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London might have been lighter on art fairs this June but the gallery trail London Art Week’s (LAW) summer edition returns (until 7 July) with 51 galleries taking part, both in person and online. And it is all the more important this year to many non-contemporary galleries who find themselves with a real shortage of summer fairs in which to participate, with the demise of Masterpiece London and Olympia (though the new Treasure House Fair on the old Masterpiece site at the Royal Hospital Chelsea in late June did provide an outing for some).

While the newer London Gallery Weekend (LGW, in June) focuses on contemporary art galleries, LAW takes in a range of specialisms from antiquity to 21st century, but with a definite bias towards historic art—participants show paintings and sculpture alongside decorative arts and, for the first time, rare books, maps and manuscripts.

Exhibitions take place in galleries around St. James’s, Mayfair, Pimlico, Kensington and Chelsea, as well in South Kensington’s Cromwell Place, and online (post-pandemic, participants can now choose to be online only). Christie’s, Sotheby’s and Bonhams auction houses join in with their Old Master sales this week too.

Unlike LGW, LAW is not about showing the newest names to know in contemporary art, but one of its strengths is serving up the unexpected—be that a rediscovered Old Master or small-scale exhibitions that often focus on lesser known artists of years or centuries gone by, artists that we might otherwise never come across.

Here are six shows to see before they close on Friday.

Winifred Nicholson’s Ben & Slinky


Patrick Bourne & Co, 6 St James’s Place, London, SW1A 1NP

Husband and wife team Patrick and Cordelia Bourne are exhibiting a small group of six works, from a private collection, by the British painter Winifred Nicholson, who lived between Cumberland, London and Paris. Two of the works are, according to the gallery, among the artist’s most important and have never before been on the market—Ben and Slinky (1927), depicting Winifred’s husband, the artist Ben Nicholson, and his dog (so called due to his habit of slinking towards the chicken coop), and Sequence of Rectangles (around 1934).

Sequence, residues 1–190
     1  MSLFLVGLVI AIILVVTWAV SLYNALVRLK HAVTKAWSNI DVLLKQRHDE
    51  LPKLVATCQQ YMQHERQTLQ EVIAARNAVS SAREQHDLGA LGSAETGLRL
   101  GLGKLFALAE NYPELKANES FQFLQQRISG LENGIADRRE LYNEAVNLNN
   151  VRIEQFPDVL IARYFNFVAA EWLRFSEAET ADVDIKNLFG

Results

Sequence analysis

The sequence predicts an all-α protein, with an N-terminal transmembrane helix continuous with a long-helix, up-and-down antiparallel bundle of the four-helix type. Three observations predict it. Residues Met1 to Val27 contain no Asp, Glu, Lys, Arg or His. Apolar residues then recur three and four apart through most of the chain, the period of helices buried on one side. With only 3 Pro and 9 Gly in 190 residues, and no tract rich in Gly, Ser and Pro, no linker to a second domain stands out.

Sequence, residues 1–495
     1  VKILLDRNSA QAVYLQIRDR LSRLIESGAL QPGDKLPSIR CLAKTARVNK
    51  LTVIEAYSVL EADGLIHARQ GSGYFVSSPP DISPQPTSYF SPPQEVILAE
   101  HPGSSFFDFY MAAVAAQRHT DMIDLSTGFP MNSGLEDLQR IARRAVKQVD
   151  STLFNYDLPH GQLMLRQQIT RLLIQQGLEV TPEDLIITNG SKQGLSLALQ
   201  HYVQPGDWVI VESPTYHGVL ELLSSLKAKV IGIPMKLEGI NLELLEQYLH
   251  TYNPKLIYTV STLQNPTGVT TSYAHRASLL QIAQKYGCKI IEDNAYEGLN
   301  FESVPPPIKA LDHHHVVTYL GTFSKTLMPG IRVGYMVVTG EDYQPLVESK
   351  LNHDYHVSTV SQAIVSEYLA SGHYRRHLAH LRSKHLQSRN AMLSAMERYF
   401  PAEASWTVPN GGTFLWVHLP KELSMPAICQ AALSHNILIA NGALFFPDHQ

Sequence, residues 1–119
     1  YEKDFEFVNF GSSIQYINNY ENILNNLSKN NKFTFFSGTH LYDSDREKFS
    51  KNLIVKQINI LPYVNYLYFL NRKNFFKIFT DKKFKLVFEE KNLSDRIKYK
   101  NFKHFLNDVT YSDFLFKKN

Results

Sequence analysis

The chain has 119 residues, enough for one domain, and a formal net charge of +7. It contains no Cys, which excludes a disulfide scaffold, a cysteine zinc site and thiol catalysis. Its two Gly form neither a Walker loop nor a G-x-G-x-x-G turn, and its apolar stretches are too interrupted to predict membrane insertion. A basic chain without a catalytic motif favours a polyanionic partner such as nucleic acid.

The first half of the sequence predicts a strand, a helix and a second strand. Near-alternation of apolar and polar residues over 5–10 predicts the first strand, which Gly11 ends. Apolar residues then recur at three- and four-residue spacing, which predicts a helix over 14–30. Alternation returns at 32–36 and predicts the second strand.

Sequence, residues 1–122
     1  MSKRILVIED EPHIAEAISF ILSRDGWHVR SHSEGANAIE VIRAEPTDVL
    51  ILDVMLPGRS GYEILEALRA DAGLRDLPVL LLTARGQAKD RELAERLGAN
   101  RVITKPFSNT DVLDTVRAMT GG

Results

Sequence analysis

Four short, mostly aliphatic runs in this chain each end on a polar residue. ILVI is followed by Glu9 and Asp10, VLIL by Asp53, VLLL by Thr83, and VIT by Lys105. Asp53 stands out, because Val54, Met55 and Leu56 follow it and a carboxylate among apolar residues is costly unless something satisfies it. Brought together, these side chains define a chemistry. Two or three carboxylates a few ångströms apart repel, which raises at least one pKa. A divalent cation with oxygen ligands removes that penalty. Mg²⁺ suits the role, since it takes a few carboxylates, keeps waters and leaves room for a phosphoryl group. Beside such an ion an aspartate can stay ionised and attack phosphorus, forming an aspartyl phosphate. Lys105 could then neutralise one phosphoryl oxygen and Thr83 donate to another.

Stephen Tomlin’s bust of Julia Tomlin (née Strachey) from 1928

Courtesy of Philip Mould

Philip Mould & Co, 18-19 Pall Mall, London, SW1Y 5LU

“The devastation of all hearts”. That is how Virginia Woolf described the sculptor Stephen Tomlin, a now little-known member of the Bloomsbury group who died at the age of just 35. He is the subject of Philip Mould’s LAW exhibition, Bloomsbury stud: The Art of Stephen Tomlin (from 5 June to 11 August). As the exhibition’s title not-so-subtly suggests, Tomlin had numerous affairs, with men and women, including Duncan Grant and Dora Carrington, the writer David Garnett, the photographer Barbara Ker-Seymer and Tomlin’s own wife’s uncle, Lytton Strachey. The show will include a bust of Strachey, alongside those of Grant and Woolf (both on loan from the Charleston Trust).

Alejandro Mario Yllanes’s Balsero del Titicaca (1935)

Ben Elwes Fine Art, 45 Maddox Street, London, W1S 2PE

An air of mystery surrounds the late Alejandro Mario Yllanes, a self-taught Bolivian painter and political activist who disappeared from public record in 1946 after winning, but not claiming, a coveted Guggenheim Foundation Grant. Although he showed in the Americas during his lifetime, his work has not been exhibited publicly for almost 30 years. It now receives its first ever showing in Europe, at Ben Elwes Fine Art, which is staging a solo exhibition of the artist during London Art Week. “We were asked to sell the entire surviving body of work—monumental paintings and works on paper—by this remarkable Modern Bolivian artist,” says the gallery’s co-founder Rachel Elwes. The work on sale belongs to a European couple who acquired in the 1990s. “With indigenous heritage, Yllanes addressed the subjugation, struggle and liberation of the Aymara people at a time of upheaval in Bolivian history,” Elwes says. Such themes are evident in Yllanes’s oil painting of a raft worker crossing Lake Titicaca, a scene he depicted in a 1930s mural that was later destroyed. Yllanes recreated the work to a similar monumental scale, placing various aspects of indigenous Bolivian culture in “pride of place”, Elwes says.